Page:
Chart created on Tradingview Platform

Where is the dollar losing fundamental strength?

As the US currency slowly recovers from a decade-long high, it’s worth asking what motivated the incipient deleveraging. At first glance, it seems that the very early moderation of the monetary policy advantage plays a role. If cooler inflation tendencies are expected, the Fed could take its foot off interest gas and thus dampen the return potential of US investments. However, I contend that the majors like BOE, RBA, BOC and RBNZ are hardly fighting for an actual yield advantage. Barring the full stalling of the Fed’s tightening ambitions – which it appears to be reluctant to do – this knot is likely to be phased out only to a limited extent. The greenback’s safe haven status is another precarious element to assuming further USD losses are on the cards, leaving relative economic potential as a key issue. Given the BOE’s forecast for a UK recession before year-end, a GBPUSD recovery looks suspect.

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Chart of GBPUSD with 20-day SMA and 1-day rate of change (daily)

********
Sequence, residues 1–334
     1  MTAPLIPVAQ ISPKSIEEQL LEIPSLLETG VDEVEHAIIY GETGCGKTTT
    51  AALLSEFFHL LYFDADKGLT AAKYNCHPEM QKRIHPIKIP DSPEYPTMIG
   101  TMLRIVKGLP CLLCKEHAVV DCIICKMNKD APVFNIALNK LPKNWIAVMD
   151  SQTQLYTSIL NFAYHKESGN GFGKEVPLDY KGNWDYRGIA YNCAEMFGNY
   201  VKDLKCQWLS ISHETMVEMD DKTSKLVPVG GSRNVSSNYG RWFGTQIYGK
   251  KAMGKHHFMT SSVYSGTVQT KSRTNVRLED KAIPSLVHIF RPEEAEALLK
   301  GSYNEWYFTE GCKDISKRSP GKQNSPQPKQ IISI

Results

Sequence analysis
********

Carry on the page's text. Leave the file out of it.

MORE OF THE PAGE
Chart created on Tradingview Platform

Referring to a pair like Cable, my assessment of bullish scenarios would not depend heavily on a systemic shift in the UK’s economic health from gloomy to blooming. Instead, it seems more practical that the US optimism counterpart is more at risk of losing ground and fueling action in the currency pair. I asked a survey via Finance Twitter about the likelihood of a US recession in 2022. The outcome of the poll was fairly even, with 54 percent voting yes and 46 percent voting no. That’s very different from the 82/18 percent split I had two months ago when I asked the same question — just after the supposed US CPI peak.

Graph of relative monetary policy standing with swaps year-end interest rate forecast

Diagram Created by John Kicklighter